Last week, on Out of Theaters, we focused on “Fight Club.” The week before, “Seven.” And this week, it’s “Glengarry Glen Ross.” And you could argue that, of the three movies, “Glengarry Glen Ross” is the most violent of them all. It’s not physical violence, like in “Fight Club” or “Seven.” There are no punches thrown, and no one’s body is left bloody and shattered on the floor of the sales office. But on an emotional level? It’s one of the most brutal movies ever made.
There are hundreds of serial killer movies, but none of them is quite like “Seven.” It’s not the first, (Fritz Lang’s 1931 thriller “M” predates “Seven” by more than six decades, but even it wasn’t the first). It’s not the most acclaimed. (“The Silence of the Lambs,” which arrived four years earlier, took home five Oscars, including Best Picture, Actor and Actress). It’s not even the most realistic. (“Henry: Portrait of a Serial Killer,” made almost a decade earlier, is so true-to-life that it’s almost unwatchable at times.) But “Seven” is arguably the best of the bunch.
Hollywood had been making gangster movies since the days of the silents, but it wasn’t until “The Godfather” arrived in 1972 that a gangster movie finally felt real. Part of the reason was the cast. In the classic era, Hollywood gangsters were played by actors who tended to be Irish (James Cagney), Jewish (Edward G. Robinson, aka Emmanuel Goldenberg) or upper class WASP (Humprey Bogart, believe it or not).
Back in 1994, two movies dominated the cultural conversation. “Forrest Gump” won the Oscars, and “Pulp Fiction” changed the industry, but somehow, when no one was looking, another film released in that year became the favorite movie in the whole wide world.
Two serious detectives with silly names try and halt the heroin deal of the century in The French Connection (1971). Popeye (Gene Hackman) and Cloudy (Roy “you’re gonna need a bigger boat” Scheider) are on a series of undercover stakeouts as they try to bring down an elaborate heroin-smuggling ring. The film, based on a true story, is the first R-Rated movie to win the Academy Award.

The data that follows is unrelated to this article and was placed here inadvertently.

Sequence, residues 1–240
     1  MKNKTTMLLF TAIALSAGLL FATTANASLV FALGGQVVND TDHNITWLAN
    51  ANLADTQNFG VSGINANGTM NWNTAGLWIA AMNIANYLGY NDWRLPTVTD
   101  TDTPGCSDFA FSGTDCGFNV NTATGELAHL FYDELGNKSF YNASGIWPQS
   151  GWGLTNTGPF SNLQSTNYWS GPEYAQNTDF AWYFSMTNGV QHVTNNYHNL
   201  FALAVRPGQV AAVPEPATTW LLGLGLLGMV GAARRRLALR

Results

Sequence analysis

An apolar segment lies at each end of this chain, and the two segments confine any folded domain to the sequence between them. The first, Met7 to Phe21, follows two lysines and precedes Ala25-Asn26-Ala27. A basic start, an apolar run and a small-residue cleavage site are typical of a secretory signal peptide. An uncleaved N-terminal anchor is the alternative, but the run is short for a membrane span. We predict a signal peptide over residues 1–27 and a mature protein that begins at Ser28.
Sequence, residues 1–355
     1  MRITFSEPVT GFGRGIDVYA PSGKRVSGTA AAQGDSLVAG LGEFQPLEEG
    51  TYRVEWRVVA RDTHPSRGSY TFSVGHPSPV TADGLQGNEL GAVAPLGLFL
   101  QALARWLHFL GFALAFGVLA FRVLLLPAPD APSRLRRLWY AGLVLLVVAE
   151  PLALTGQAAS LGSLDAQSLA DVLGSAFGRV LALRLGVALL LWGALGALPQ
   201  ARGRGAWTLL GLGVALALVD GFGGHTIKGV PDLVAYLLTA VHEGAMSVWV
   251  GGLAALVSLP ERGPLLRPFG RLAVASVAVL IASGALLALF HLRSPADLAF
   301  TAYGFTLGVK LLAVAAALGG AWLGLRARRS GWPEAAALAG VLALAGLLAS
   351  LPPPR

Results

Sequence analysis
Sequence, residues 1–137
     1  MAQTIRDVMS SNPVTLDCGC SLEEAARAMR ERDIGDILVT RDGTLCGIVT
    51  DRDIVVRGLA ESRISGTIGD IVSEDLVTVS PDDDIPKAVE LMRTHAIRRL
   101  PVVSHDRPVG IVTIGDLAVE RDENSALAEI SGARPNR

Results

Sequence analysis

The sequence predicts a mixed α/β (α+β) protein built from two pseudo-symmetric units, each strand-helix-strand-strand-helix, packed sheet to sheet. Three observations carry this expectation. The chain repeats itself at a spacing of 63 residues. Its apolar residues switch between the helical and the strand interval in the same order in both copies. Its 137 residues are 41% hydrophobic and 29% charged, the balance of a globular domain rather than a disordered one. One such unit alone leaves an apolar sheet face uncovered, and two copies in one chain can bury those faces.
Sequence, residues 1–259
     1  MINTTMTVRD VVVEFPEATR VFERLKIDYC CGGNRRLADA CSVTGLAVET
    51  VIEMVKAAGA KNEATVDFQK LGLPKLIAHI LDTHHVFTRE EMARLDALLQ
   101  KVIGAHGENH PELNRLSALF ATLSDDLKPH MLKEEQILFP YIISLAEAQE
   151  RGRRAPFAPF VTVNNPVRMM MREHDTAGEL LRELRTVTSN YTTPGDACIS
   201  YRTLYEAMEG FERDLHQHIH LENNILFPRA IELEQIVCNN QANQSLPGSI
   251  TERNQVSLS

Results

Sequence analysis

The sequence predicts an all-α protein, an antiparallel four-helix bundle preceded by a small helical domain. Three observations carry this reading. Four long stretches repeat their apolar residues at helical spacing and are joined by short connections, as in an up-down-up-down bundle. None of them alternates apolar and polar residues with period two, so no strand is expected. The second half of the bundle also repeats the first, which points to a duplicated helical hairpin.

Loathed by bleeding-heart liberals and loved by gun-toting ‘Muricans, Death Wish (1974) is the movie that set out to prove vigilante heroes don’t need capes or super powers: they just need a gun. The Second Amendment propaganda film tells the story of self-proclaimed “bleeding-heart liberal” Paul Kersey (Charles Bronson in his most famous role). After his wife is killed and daughter is raped by a trio of criminals (including Jeff Goldblum in his film debut as Freak No. 1), Kersey decides to become one-man vigilante taking on New York’s seedy underbelly with his .32 caliber nickel plated Colt Police Positive.
The lasting brilliance of Pulp Fiction (1994) lies within the film’s ability to create tension and humor in the same breath. Now 21 years old, the screenplay from Quentin Tarantino and Roger Avary still holds all of its original style. The dark comedy is defined by its distinctive dialogue and nonlinear telling of interlocking stories. It manages to draw laughs in places you don’t want but can’t resist because of the peculiarity of it all.
American Psycho was polarizing when it was released at the Sundance Film Festival in 2000. Some audience members and critics didn’t appreciate the dark satire. They preferred a comedy that was more commercial and therefore more satisfying in a narrower way. But others recognized Christian Bale as an artist, and I want to stress the word artist. The film commercially and artistically came into its own after being released on DVD. Viewers began to recognize it had a far more bitter, cynical sense of humor than other films.
From USA Today’s Dad Rock Show, Jim Lenahan visits via Skype to talk about The Blues Brothers. It’s been 35 years since the theatrical release of the action comedy about two men with a mission from God. Speaking of that mission: Jake and Elwood Blues’ quest to put the band back together in order to raise enough cash to prevent their former church-run orphanage from closing was apparently religious a theme enough for the Vatican’s official newspaper to declare it a “Catholic classic.”
A brilliant cast and exquisite cinematography bring Max Allan Collins’ graphic novel Road to Perdition to life in the 2002 movie by the same name. Tom Hanks plays Michael Sullivan, a mob enforcer with conscience working for an Irish crime family in 1931. His surrogate father John Rooney (Paul Newman in his final live-action role) is the boss. Tyler Hoechlin plays 12-year-old Michael Jr., whose curiosity about his father’s career leads him to witness a hit executed by John’s son Connor (Daniel Craig), pitting Sullivan against his former crime family and setting the plot in motion.